over the bridge as a shortcut to the street in front of the glass musem.

Making them go through the arch gives people the impression of them entering something.

And they walk thier bikes and won’t cause a injury.

Mayby they can make a revolving door in the middle? That would stop fast bikers without forcing people to walk the extra 30 seconds.

May 13, 2008 at 9:06 am / Reply / Quote and reply

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Mofo from the Hood

This fence is going to stay unless it becomes a safety problem.

Someone needs to borrow a 4-year old from an orphanage and bring the kid downtown and if the little tyke gets its head wedged in the iron bars and the fire department blocks off the area and the police department stops traffic for blocks and Seattle T.V. station mega-trucks with their satellite dishes park on the museum sidewalk and crowds of women are screaming and crying <span class=“caps”>THEN</span> you have a legitimate case.

May 13, 2008 at 4:35 pm / Reply / Quote and reply

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David Boe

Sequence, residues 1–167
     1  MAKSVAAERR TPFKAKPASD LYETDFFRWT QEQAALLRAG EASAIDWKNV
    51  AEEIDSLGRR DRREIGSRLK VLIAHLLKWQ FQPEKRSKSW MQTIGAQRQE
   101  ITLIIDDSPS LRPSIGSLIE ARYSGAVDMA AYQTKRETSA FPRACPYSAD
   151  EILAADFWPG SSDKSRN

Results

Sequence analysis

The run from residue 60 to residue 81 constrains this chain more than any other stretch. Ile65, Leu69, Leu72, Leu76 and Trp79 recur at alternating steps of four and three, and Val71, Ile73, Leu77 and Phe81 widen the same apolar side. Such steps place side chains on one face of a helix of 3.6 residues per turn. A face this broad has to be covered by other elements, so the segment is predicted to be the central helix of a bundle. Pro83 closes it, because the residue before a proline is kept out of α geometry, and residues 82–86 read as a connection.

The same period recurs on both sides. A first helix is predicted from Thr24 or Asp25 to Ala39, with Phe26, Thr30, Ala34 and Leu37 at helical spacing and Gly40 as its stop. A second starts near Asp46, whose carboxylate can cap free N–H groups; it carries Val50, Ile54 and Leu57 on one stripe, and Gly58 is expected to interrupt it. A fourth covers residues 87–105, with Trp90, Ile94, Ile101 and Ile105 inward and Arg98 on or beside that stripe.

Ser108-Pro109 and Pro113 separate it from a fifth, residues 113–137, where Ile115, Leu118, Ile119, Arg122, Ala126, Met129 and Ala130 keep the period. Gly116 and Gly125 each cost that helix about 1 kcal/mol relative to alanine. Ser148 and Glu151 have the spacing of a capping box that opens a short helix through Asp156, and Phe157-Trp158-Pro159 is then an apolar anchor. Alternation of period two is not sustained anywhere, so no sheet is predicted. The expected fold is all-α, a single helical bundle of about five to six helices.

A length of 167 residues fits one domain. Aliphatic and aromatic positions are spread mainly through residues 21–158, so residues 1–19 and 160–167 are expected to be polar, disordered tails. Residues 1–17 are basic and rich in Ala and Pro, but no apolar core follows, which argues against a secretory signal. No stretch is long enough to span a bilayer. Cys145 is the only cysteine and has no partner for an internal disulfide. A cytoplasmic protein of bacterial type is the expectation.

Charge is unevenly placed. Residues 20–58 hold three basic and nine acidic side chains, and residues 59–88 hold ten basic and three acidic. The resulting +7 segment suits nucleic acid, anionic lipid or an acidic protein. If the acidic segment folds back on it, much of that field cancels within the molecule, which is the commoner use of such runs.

Hmmmm – Why not install iron fences at other public areas to direct pedestrians past retail establishments.  For instance, why not install a fence across the <span class=“caps”>UWT</span> hill climb along Pacific Avenue at 19th Street and force all who use the public space to walk right past the <span class=“caps”>UWT</span> Bookstore. It would be much safer and the bicyclists would have to get off their bike instead of speeding up or down those ramps – and I bet it would be good for business at the bookstore.  Or maybe on Thursday Market Days, fence off the North end of Broadway at 9th Street so that everyone is foced to walk past the Pantages Ticket Office.  I mean, it really is no further to walk in these situations and probably creates a safer environment for little kids right?

May 13, 2008 at 6:42 pm / Reply / Quote and reply

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If all of you people used your anger and power you have over this tiny fence towards something like..oh cleaning up the hookers and drug dealers on pacific ave. we would have something good happing.

Those are <span class=“caps”>UWT</span> students. The hookers and drug dealers left several years ago.

May 13, 2008 at 10:03 pm / Reply / Quote and reply

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For the sake of organizing information, I’ve created a feedTacoma account here: Free the Bridge

Thanks for taking the initiative, J. Cote. Could you post the letter?

May 14, 2008 at 4:31 am / Reply / Quote and reply

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Jamie Chase

Julie is brilliant. Sign me up for this project. Who is in charge? When are we meeting?

May 15, 2008 at 5:17 am / Reply / Quote and reply